Then Kensington market and Flip both closed. It was the end of an era. The high street was taken over by mass produced preppy styled clothing, and to counter balance my disdain for this, I remained a true advocate of jumble sales and charity shops. It was the only way to feed my wonderlust for originality. And whilst there were other less mainstream stores where items could be found, for me, the pleasure was always in the pursuit of finding something different.

The same can be said for all of the items that furnish my home. Apart from a few items, everything else is second hand. I find these items much more interesting than buying something new. To me they are simply beautiful things that give me great pleasure.

On a trip to Ireland many years ago, I went along to a local barn sale. Most of the items they had for sale I had no use for. I wandered about aimlessly until I found myself in an old disused cow shed. There sitting all alone was the most wonderful odd looking chair I had ever seen. I asked the seller how much he wanted for it. four punts he replied. I mentally squealed. That was only two pounds. I paid him quickly and carried the chair away. I was delighted. There followed much discussion about the chair, and the conclusion was drawn that it was probably made by an apprentice from some sort of fruit tree wood. A friend kindly transported it back to London for me, and it now sits in my living room, and always will.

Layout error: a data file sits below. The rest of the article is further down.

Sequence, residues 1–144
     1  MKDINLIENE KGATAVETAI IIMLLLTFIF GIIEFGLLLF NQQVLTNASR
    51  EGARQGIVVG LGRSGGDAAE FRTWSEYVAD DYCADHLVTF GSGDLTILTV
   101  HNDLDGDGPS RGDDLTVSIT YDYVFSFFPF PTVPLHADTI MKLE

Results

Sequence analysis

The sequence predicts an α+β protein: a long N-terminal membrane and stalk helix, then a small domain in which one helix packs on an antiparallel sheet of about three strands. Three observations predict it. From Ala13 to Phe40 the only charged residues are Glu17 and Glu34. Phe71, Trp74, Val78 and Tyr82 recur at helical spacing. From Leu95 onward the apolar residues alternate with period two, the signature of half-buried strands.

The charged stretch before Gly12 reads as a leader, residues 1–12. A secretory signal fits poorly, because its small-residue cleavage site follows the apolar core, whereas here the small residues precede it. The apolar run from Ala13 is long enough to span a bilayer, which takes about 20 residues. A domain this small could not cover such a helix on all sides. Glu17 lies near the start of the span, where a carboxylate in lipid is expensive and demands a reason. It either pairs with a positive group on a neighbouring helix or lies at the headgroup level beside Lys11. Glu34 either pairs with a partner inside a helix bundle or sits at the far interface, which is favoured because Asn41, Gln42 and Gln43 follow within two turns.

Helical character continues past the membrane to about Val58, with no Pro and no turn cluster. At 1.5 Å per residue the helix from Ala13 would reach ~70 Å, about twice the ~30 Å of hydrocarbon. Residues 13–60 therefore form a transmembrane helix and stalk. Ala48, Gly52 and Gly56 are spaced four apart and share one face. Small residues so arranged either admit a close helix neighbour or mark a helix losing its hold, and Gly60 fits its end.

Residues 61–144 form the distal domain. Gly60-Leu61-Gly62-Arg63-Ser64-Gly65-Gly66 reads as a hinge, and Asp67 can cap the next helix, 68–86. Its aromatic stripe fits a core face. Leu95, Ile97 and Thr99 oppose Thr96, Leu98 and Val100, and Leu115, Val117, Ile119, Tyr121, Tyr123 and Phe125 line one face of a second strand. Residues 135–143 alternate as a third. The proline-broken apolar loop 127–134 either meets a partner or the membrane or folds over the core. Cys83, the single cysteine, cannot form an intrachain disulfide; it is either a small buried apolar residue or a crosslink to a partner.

A few years ago, I volunteered in a charity shop. The items that people disguard are truly amazing. Unwanted gifts, designer clothing, it's endless. Charity shops are the salvation of modern society as they house all of the items that people no longer need, and then re-home them with people like me who are not able to purchase them at the beginning of their life cycle.